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Mangala Temple

ମଙ୍ଗଳା ମନ୍ଦିର2

The Mangala Temple is located on the banks of the Prachi River at Kakatpur in Puri district of Odisha. It is one of the oldest and most famous Shakti Peethas in Odisha. Devotees come here all year round to pay homage to the goddess Maa Mangala, the presiding deity of the temple.
The Kakatpur Ma’amangala temple was built 500 years ago by the family of a local zamindar, Rayachudamani, with prominent sages. The temple was built by Panchanan Mitra Rayachudamani (1548 AD).

According to popular legend, the idol of Mother Mars was hidden in the depths of the Prachi River for a long time. One day, as the floodwaters receded in the river, Nauria was stranded in the middle of the river and was rescued. But he did not know how he had escaped, and once in the morning he received his mother’s dream order to rescue his idol from the riverbank and arrange a puja in the nearby village of Mangalpur. Shortly afterwards, a black crab jumped into the Prachi River. A long, long time passed, but the crow never returned, as he was stranded on the side of the river, where Nauria had found a statue of Ma Mangala.

In our local language, the English words “crows” mean “crows” and “detentions”. So the two words were put together to form a ‘cockroach’. After a while, the village of Mangalpur was renamed Kakatpur. The mother was named Kakatpur Mangala. The temple is built in a special Kalinga style. There is a bed made of solid stone, where Mother Mangala rests every day circling the beams. The bed is carved in such a way that it has been used for hundreds of years. Many deities are worshiped on all sides of the temple. It is a major pilgrimage site for energy worshipers. According to tradition, on the first Tuesday of the month of Chaitra, the sandalwood of Ma Mangala is worn. On this day, after the morning mangal aalti, after bathing, the mother’s face is adorned with sandalwood. Devotees of Ma’amangala come from far and wide to see it.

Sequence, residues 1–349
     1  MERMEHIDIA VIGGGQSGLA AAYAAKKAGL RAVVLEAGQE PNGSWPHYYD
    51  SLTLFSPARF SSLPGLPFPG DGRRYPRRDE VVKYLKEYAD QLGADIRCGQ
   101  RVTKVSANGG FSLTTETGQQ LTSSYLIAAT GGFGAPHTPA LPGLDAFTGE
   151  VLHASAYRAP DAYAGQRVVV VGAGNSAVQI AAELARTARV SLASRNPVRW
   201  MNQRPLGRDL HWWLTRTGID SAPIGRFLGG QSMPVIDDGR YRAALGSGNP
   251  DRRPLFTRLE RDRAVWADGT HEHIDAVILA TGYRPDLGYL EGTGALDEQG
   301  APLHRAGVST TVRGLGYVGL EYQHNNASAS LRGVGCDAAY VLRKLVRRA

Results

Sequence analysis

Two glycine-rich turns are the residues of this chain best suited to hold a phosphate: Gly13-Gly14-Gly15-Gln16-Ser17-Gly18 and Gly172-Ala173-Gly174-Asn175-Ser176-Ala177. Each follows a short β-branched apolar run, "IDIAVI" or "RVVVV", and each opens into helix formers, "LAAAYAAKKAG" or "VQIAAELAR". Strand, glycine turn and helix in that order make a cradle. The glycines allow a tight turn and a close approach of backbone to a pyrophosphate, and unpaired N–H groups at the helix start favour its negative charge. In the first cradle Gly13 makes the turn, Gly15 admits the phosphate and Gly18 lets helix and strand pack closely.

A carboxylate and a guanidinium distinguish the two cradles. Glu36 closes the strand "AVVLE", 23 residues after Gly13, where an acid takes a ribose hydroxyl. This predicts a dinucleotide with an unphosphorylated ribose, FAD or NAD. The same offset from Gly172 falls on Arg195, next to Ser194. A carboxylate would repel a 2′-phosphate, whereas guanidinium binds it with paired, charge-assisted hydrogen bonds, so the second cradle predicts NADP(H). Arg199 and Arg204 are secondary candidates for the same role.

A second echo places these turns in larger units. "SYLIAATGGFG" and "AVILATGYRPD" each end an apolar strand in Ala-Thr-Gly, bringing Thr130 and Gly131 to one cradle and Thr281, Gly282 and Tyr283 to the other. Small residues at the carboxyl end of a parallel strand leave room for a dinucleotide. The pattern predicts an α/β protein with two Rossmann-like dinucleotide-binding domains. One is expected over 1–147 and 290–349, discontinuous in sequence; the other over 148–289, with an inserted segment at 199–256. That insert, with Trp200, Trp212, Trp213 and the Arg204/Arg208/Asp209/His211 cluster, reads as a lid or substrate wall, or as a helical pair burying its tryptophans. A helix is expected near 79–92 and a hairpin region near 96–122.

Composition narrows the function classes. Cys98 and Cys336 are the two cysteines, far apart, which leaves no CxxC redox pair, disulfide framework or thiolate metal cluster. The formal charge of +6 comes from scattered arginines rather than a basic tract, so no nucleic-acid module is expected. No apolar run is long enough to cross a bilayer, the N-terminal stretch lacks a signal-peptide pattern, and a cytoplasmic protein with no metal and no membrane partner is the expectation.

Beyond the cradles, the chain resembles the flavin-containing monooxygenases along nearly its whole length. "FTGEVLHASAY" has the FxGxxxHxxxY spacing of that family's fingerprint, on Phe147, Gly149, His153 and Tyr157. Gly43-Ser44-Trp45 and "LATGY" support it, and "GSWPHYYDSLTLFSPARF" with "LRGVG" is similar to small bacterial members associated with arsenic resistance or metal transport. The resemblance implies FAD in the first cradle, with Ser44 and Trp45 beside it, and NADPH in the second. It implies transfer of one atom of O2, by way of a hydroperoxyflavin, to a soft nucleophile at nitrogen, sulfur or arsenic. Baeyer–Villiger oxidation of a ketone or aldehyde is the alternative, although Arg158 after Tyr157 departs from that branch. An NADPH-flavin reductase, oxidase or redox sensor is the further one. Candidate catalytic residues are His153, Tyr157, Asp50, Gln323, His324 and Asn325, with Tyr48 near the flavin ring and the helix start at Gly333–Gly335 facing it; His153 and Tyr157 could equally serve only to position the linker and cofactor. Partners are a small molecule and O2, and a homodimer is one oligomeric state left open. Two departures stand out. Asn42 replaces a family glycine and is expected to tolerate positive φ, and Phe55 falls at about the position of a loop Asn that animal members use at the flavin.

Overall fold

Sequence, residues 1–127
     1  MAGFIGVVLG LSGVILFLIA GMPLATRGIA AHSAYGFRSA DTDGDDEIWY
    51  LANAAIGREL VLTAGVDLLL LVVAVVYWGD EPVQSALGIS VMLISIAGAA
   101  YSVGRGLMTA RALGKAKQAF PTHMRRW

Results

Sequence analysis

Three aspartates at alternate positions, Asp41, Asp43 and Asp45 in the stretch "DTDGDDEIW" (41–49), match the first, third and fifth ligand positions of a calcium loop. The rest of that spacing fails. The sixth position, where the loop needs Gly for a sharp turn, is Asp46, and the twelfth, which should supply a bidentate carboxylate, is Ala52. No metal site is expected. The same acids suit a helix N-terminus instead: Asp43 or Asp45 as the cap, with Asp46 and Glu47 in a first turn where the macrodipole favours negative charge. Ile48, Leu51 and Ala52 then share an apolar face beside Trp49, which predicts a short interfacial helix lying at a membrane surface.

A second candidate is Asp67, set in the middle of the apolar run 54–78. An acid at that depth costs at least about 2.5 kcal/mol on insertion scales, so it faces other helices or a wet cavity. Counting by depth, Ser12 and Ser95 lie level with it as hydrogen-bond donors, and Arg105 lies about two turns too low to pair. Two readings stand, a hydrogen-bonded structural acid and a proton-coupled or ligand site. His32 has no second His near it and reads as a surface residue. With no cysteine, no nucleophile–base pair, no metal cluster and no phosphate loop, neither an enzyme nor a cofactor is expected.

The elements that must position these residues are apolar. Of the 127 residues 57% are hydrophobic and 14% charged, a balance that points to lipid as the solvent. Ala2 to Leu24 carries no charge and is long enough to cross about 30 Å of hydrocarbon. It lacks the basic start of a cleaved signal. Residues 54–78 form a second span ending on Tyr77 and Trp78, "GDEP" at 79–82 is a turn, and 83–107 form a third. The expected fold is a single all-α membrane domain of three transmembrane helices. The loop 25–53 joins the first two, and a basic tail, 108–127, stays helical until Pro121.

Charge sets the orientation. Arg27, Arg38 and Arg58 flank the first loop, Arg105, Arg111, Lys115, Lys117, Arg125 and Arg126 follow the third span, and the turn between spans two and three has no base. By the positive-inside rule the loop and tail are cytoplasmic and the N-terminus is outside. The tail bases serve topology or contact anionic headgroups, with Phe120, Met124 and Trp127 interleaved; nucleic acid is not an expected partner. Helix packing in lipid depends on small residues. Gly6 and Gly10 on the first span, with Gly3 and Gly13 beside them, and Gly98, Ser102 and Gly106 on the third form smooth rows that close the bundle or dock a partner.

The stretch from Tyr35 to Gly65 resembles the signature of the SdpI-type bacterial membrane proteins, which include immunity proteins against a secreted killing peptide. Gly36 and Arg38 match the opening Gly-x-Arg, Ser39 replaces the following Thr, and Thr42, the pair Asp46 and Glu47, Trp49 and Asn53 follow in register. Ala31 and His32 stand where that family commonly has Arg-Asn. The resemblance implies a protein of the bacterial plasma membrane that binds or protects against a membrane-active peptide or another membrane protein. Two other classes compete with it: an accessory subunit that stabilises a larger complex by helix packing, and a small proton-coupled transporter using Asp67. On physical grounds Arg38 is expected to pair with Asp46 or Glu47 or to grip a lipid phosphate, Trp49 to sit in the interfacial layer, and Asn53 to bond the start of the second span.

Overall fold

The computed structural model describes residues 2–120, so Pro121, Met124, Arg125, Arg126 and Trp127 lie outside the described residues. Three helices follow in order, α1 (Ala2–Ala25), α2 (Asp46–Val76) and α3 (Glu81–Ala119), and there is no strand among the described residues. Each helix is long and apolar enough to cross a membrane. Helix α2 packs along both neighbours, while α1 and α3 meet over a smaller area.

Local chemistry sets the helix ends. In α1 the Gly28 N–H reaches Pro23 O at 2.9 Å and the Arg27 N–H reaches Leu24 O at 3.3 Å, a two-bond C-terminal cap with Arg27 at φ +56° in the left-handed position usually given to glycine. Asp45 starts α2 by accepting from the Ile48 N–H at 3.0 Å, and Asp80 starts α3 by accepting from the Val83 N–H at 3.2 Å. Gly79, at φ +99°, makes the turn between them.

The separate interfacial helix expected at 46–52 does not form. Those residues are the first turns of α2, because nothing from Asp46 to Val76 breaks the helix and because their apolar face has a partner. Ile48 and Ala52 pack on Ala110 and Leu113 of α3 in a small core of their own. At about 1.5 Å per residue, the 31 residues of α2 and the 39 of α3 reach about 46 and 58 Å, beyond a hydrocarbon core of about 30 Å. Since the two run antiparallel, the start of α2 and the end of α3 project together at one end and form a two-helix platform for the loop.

On the first Tuesday of the month of Baishakh, a unique Jhamuyatra is celebrated at the famous Ma Mangala temple in Kakatpur. The Jhamuyatra is celebrated on the day of Pana Sankranti in the temples of the gods and goddesses of the state, while the Jammu Yatra is held on the fifth Tuesday of the month of Chaitra or the first Tuesday of the month of Baishakh at the only Shakti Peetha Ma Mangala temple. The whole of Kakatpur is crowded for Maa Mangala’s Jhamuyatra. From 2 a.m., the mother’s mangal aalti is bathed in the sandalwood after bathing, followed by the sun worship, ballabh, and morning incense, followed by a public fair at 5 p.m. Millions of devotees enter the temple to worship.

The mentally ill Patuas of the village, in obedience to their mother, march to the temple on the banks of the Prachi River to collect water. The Patuas go to the front of the temple and walk to Jhamu (barefoot in a red fire pit) after praising their mother and following orders from Pujapanda. After Patua, the devotees walk barefoot in the pit of fire. Later, the Patua dance and the Kalika dance are performed according to traditional customs.

Every 12 years, Puri’s renowned Shree Gannath, Prabhu Balabhadra, Goddess Subhadra’s reshuffle begins. At this time, all religious worshipers in Puri worship Ma’mangala as a guide to God. Later, Ma Mangal appears in their dream and shows the three divine ‘Darubrahma’ trees in the right place.

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